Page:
PARAGENESIS OF TOURMALINES IN EARLY PALEOZOIC METASEDIMENTS OF THE MARYLAND PIEDMONT
Based on geochemical results from microprobe analyses, tourmalines from the quartzite and schist members of the Setters Formation and associated granitoid intrusions are predominatly schorl (Fe/Mg>1 and Ca/Na<1) with lesser amounts of feruvite (Fe/Mg>1 and Ca/Na>1). Tourmaline compositions within the Cockeysville Marble range from dravite (Fe/Mg<1 and Ca/Na<1) to uvite (Fe/Mg<1 and Ca/Na>1). Most of the analyzed tourmaline grains exhibit a range of compositional complexities. The most common variability in grains from the Setters Formation is core-to-rim compositional zoning, typically changing from schorl (core) to feruvite (rim). In tourmaline grains from the Cockeysville Marble, compositional zoning is more complex and many grains contain domains of both dravite and uvite.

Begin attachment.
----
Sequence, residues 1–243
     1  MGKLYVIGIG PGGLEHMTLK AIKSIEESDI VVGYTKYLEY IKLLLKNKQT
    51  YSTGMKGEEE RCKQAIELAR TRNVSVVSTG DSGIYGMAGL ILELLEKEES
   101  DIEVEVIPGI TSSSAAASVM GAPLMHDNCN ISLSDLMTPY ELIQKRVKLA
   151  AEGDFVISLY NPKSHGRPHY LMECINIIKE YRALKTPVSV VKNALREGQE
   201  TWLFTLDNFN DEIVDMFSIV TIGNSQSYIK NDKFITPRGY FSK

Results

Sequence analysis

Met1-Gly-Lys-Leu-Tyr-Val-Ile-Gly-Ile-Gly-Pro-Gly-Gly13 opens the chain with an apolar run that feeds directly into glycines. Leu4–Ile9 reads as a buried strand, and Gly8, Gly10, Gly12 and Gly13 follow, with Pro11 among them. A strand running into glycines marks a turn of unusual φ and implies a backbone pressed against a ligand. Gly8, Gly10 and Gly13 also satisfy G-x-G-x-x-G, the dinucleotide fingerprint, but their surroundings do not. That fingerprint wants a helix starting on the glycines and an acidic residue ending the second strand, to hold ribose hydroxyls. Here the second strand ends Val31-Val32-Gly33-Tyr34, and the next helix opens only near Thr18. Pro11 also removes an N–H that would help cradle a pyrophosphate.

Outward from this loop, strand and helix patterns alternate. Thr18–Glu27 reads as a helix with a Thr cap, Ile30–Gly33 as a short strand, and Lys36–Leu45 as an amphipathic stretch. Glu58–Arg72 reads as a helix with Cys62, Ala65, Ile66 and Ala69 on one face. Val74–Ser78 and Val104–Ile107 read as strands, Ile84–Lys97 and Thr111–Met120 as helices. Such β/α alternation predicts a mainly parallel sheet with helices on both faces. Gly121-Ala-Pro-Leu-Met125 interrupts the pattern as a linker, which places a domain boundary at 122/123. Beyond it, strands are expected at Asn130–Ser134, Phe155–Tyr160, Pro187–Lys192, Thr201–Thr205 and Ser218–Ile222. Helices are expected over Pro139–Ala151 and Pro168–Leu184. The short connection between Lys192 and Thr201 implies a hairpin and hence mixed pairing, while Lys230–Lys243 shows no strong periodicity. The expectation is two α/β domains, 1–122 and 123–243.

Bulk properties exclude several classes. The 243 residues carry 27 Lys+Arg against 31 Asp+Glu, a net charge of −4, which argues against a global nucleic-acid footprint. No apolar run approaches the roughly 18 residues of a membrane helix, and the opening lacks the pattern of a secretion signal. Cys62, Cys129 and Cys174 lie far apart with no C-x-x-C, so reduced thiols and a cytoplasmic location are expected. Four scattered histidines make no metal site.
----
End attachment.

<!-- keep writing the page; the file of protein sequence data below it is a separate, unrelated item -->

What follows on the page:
These changes in composition, particularly the core-to-rim variations recorded in the Setters Formation tourmalines, coupled with petrographic observations, suggest changing fluid composition and possibly multiple stages of growth for many of these tourmalines. The origin of the fluids from which the tourmalines crystallized is still an open-ended question. However, our results suggest that tourmaline composition is strongly dependent on the chemical composition of the host rock. This requires a significant host-rock derived component for the formational fluids.